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PERSPECTIVE ON ELECTIONS : 'Winner take all' isn't fair; a proportional system would offer minority voices a chance for representation. : Making Every Vote Really Count

July 17, 1994|ANDREW REDING | Andrew Reding directs the North America Project of the World Policy Institute at the New School for Social Research, New York.

Among the most pressing problems confronting Deval Patrick as the new assistant attorney general for civil rights is how to respond to the growing number of federal court decisions casting doubt on the constitutionality of racially delineated legislative districts.

The challenges began last summer, when, in a case involving congressional redistricting in North Carolina, several Supreme Court justices signaled their discomfort with racially determined districts, noting an unfortunate irony in using a form of electoral "apartheid" to solve problems of inadequate representation. In December, a three-judge Court of Appeals ruled unanimously that Louisiana's 4th Congressional District, which snakes along the state's borders for 600 miles, is an unconstitutional racial gerrymander. On instruction from the Supreme Court, another three-judge panel is reviewing the constitutionality of two "majority minority" districts in North Carolina. One of these, the 12th Congressional District, meanders along three interstate highways to connect majority black communities.

The easiest response to these challenges would be a reflexive defense of the present system. Liberal editorialists and civil-rights organizations characterize the choice as limited to upholding the status quo or returning to the bad old days of minority exclusion. There are, however, other options.

Rather than try to defend a flawed system, the Justice Department should seize the opportunity to pursue more effective strategies for achieving equitable representation. For not only do black and Latino districts tend to reinforce and legitimate patterns of racial segregation; they also reproduce the injustice they seek to remedy by denying representation to other minorities within the so-called minority district.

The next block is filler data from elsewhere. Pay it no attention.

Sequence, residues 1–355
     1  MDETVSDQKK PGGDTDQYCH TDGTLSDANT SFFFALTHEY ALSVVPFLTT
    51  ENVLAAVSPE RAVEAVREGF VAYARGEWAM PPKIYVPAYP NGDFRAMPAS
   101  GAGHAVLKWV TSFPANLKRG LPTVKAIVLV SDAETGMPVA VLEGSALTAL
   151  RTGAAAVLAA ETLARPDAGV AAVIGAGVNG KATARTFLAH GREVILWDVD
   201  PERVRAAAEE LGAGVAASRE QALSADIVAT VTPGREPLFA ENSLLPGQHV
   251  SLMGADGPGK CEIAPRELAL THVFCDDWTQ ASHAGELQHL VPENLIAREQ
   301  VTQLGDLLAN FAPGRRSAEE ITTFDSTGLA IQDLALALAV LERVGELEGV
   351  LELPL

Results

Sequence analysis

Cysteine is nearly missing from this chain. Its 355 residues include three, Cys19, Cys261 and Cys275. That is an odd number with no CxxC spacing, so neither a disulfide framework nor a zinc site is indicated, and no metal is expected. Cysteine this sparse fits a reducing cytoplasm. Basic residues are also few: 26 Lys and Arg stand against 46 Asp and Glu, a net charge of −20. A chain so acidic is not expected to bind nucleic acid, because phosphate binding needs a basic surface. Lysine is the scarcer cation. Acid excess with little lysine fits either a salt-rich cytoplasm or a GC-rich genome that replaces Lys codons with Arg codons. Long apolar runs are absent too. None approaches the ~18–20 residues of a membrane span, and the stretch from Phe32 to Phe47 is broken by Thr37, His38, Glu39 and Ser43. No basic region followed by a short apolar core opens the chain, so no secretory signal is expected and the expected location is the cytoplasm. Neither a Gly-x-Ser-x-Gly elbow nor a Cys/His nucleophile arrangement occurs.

The essential problem is that the very nature of our "winner take all" electoral system discriminates against minorities, and no satisfactory way has been found to fix it. As illustrated by a Florida redistricting case, in which blacks and Latinos have been battling over mutually exclusive plans to secure an additional seat in the state Senate, there is no way to draw district boundaries without shifting the burden of uneven representation from one group of citizens to another. And gerrymandering, as in Louisiana's 4th Congressional District and North Carolina's 12th, invites ridicule, if not hostility.

Simple justice demands a more equitable system, one designed to assure equal representation to every citizen, regardless of race, creed, political orientation or ethnicity.

With that in mind, the vast majority of the world's democracies--ranging from Sweden to Spain to Costa Rica--have adopted forms of proportional representation. Under proportional representation, single-member districts are replaced by multiple-member districts, and seats are assigned in proportion to the percentage of votes received. Thus, in five-member district, a ticket that wins 20% of the vote is entitled to one seat, one that wins 40% gets two seats and so on.

Conventional wisdom holds that proportional representation could not be introduced in the United States because it requires voting for political parties instead of individuals. Though "party list" systems are indeed common in Europe, they represent but one form of proportional representation. An alternative form known as the single transferable vote (STV) is, like our existing political system, centered not on parties but on candidates.

Under STV, which is used in Ireland, Malta and Australia, voters rank candidates in order of preference. In our hypothetical five-member district, the candidates who obtain at least 20% of the first-choice votes are elected. The remaining seats are filled by successive choices, subject to the same 20% threshold. This ensures proportional representation of significant minorities while preserving majority rule (a ticket that receives 60% of the vote will win three of the five seats). It also avoids racial and ethnic discrimination.

Best of all, STV transfers more power to the citizen. There is no presumption that members of a given ethnic group will always want to vote on the basis of their ethnicity. Minorities of all types--political as well as ethnic and religious--are guaranteed a voice.

STV also would free voters from the strictures of the two-party system. Since candidates would not need to win pluralities in order to be elected, third-party and independent candidacies would become viable. With 20% of the vote, a third party could elect something like one-fifth of the House of Representatives.

Furthermore, since all votes under STV count toward the outcome, none are wasted. There is little pressure to vote for the "lesser of evils" and less incentive for the disaffected to not vote at all.

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